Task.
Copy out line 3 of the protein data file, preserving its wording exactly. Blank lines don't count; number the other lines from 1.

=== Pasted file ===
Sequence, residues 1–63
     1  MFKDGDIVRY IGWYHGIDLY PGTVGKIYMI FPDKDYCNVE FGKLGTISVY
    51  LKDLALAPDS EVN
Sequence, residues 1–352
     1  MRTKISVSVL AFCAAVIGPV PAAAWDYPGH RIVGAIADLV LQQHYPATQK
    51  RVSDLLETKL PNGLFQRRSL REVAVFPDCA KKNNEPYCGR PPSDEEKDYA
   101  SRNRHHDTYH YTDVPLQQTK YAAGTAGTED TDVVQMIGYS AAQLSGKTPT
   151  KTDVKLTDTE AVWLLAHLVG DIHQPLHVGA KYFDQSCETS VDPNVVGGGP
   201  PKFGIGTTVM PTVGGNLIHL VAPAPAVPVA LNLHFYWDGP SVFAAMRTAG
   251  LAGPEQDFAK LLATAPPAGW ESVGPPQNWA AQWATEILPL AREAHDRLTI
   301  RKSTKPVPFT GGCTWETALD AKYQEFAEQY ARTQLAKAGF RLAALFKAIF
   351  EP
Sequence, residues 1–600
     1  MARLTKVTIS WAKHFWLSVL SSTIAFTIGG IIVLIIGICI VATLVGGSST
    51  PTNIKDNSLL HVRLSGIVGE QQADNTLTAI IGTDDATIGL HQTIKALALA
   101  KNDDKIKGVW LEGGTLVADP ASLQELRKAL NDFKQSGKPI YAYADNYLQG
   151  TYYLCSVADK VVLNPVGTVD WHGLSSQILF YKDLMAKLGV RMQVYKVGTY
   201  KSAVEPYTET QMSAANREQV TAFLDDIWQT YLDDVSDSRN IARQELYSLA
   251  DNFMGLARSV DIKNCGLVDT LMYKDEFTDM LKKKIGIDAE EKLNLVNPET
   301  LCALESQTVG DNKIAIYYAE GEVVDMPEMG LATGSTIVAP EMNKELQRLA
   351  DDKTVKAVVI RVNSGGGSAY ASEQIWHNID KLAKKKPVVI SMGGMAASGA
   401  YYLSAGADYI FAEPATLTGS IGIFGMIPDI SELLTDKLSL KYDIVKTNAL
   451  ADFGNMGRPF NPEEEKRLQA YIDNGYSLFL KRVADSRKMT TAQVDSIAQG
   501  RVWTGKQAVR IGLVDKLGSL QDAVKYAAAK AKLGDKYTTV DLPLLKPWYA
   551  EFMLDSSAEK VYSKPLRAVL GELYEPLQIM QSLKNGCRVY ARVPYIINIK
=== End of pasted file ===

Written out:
    51  LKDLALAPDS EVN